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Scholar claims to have 'cracked' the Phaistos Disk

The goddess of love, the Minoan Astarte, is the key figure that unlocks the mystery of the Phaistos Disk, according to linguist, archaeologist and coordinator of the program Erasmus of Crete Technological Institute; Gareth Owens.

Scholar claims to have 'cracked' the Phaistos Disk

Speaking to the ANA – MPA news agency, Owens said that after new data found in his research, his theory has changed slightly compared to the position he had expressed about a year ago. The focus is no longer the “pregnant mother”, as originally estimated, but a “pregnant goddess” that takes shape in the face of Astarte, the goddess of love.

“There is no doubt that we are talking about a religious text. This is clear from a comparison made with other religious words from other inscriptions from the holy mountains of Crete. We have words that are exactly the same,” Owens said and added, “I suspect that the Phaistos Disc is a hymn before Astarte, the goddess of love. Words such as those mentioned on the disk have been found on Minoan offerings and as with today’s offerings, people pray when they are troubled, because of health problems or personal reasons. Man doesn’t change, after all.”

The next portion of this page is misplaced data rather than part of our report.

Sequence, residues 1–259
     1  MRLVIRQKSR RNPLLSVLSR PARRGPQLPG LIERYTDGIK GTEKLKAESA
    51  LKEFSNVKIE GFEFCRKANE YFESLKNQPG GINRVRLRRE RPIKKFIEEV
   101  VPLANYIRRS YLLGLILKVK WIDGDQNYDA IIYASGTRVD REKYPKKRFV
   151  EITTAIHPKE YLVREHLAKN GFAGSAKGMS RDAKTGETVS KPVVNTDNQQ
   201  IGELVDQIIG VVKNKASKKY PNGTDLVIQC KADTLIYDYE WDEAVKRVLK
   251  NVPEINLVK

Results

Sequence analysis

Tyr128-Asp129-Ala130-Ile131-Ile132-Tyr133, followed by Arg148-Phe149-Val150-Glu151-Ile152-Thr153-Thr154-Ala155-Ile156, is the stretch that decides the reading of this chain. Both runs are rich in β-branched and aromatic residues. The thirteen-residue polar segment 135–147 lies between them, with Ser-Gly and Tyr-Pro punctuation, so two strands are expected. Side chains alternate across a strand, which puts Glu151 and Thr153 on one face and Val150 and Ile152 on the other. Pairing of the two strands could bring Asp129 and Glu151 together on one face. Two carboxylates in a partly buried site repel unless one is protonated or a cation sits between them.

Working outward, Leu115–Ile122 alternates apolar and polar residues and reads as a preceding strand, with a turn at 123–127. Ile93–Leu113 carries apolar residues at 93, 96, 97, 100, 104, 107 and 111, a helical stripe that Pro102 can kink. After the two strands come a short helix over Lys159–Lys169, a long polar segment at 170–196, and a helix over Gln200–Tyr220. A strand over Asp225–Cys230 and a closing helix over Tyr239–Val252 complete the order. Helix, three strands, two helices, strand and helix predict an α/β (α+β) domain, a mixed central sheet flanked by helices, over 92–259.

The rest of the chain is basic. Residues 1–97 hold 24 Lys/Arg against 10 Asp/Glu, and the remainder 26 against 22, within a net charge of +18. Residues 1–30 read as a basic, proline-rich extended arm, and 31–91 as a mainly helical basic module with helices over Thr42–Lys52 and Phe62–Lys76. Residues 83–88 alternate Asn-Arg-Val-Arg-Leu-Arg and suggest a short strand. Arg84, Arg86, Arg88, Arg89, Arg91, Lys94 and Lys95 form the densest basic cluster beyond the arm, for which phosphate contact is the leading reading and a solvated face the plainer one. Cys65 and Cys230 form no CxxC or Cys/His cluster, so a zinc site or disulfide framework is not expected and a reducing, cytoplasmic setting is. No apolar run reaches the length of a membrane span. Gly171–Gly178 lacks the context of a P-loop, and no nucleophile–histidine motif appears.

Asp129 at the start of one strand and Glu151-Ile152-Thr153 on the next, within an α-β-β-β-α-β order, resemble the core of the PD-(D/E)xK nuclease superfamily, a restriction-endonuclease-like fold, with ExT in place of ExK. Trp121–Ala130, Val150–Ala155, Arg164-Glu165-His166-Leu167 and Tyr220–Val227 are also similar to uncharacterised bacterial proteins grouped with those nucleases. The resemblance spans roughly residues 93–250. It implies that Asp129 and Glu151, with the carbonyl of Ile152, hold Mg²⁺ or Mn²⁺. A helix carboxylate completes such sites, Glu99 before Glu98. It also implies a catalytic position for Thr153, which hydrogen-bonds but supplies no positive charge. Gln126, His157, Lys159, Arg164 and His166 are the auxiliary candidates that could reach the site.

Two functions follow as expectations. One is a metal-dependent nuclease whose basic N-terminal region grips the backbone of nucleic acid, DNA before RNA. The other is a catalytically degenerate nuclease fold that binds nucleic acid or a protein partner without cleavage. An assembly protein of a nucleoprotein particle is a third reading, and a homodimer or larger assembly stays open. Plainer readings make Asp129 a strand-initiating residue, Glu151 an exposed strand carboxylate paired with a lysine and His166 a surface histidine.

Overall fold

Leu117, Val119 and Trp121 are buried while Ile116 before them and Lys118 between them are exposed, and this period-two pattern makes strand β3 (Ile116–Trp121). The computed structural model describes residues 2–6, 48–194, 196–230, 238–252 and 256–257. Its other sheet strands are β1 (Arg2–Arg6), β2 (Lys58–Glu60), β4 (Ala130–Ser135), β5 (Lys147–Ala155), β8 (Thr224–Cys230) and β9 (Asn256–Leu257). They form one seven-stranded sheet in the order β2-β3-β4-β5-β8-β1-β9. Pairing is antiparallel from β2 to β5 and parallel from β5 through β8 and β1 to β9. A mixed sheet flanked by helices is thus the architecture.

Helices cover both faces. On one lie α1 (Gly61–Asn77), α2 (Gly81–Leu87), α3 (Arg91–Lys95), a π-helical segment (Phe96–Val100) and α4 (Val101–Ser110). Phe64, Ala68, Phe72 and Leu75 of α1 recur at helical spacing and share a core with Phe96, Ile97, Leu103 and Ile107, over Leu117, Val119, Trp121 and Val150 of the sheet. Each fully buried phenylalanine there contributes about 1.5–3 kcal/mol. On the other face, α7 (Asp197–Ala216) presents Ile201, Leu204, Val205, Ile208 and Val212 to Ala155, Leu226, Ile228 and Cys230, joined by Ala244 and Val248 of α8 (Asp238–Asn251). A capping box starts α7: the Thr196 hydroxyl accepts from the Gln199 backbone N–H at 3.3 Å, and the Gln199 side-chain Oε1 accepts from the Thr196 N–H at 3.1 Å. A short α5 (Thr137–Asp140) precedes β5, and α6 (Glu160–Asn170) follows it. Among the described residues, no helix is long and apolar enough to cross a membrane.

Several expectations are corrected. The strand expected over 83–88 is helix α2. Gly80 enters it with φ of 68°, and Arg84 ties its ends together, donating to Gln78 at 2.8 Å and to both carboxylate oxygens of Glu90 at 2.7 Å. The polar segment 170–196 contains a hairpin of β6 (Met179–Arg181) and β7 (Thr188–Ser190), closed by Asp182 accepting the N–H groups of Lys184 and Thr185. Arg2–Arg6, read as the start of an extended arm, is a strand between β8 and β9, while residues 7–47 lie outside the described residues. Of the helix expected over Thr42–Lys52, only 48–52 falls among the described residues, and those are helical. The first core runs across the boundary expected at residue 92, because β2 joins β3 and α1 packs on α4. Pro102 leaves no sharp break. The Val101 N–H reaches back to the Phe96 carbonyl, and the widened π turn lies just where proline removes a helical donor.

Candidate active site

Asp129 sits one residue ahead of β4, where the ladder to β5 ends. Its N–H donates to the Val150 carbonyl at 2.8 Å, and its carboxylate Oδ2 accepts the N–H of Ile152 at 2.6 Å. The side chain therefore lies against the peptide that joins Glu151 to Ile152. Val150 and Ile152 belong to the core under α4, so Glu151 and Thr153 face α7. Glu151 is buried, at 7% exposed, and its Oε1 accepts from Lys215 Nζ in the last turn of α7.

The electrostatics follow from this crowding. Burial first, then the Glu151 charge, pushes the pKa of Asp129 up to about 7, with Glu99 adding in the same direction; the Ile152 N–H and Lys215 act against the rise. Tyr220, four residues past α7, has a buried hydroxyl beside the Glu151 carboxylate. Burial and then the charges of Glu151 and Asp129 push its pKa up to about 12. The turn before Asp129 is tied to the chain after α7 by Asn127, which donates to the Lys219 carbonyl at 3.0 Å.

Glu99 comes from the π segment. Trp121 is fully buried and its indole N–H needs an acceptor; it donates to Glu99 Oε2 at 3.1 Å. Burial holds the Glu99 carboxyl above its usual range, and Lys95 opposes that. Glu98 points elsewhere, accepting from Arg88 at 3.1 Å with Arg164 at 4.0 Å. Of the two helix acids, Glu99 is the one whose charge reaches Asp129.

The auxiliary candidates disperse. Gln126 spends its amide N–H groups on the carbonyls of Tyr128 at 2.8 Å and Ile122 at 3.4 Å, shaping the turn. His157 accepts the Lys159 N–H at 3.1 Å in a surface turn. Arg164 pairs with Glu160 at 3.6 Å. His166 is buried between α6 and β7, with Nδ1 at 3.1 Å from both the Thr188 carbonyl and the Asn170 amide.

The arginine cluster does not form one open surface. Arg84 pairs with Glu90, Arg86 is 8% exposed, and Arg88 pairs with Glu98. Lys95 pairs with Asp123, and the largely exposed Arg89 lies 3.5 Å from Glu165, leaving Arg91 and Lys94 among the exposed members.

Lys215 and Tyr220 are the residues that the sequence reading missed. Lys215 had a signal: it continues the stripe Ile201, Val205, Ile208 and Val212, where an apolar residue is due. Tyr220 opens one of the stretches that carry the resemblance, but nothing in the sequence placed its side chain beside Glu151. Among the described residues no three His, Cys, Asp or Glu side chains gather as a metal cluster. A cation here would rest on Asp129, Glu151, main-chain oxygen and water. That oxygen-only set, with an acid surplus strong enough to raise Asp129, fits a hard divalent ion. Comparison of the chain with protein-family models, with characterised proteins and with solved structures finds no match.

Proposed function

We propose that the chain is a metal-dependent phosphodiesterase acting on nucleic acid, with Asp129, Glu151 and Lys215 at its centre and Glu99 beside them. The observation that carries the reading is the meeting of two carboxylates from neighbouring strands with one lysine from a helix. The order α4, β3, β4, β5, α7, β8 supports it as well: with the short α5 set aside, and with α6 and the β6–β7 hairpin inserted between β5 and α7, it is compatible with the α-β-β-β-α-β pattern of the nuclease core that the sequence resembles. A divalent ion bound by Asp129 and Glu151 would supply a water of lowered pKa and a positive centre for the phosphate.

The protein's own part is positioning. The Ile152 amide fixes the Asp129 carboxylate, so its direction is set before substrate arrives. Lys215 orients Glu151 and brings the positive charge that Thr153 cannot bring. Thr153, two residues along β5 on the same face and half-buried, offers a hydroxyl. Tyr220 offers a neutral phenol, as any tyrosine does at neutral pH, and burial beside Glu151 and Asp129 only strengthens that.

The archaeologist said he believes, moreover, that one side of the Phaistos Disk is dedicated to the pregnant mother goddess and the other to Minoan goddess Astarte.

On the importance of the figure, Owens noted that Minoan Astarte was the goddess of love, war and the mountains and her origin lies in the east. “From ancient Mesopotamia, located in today’s Turkey, Astarte went to Cyprus and became Venus,” he said.

Author: Philip Chrysopoulos | Source: Greek Reporter [December 16, 2015]
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5 comments :

  1. “From ancient Mesopotamia, located in today’s Turkey, Astarte went to Cyprus and became Venus,” he said.

    Ancient Mesopotamia... Turkey? Say what? :/

    ReplyDelete
    Replies
    1. That's what I was thinking. It would have made more sense for him to say "Anatolia."

      Delete
  2. Amazing if it turns out to be true. At least it's not Minos's laundry list!

    ReplyDelete
  3. This may seem small ... but Venus is a Latin goddess. It seems odd to me for any scholar in this day and age to use a Latin name in reference to a Cypriot/Hellenic deity when conversing about something so geographically specific. The Cypriot goddess is Aphrodite.

    ReplyDelete
  4. https://araenil.wordpress.com/2011/06/19/is-the-phaistos-disc-genuine/

    ReplyDelete


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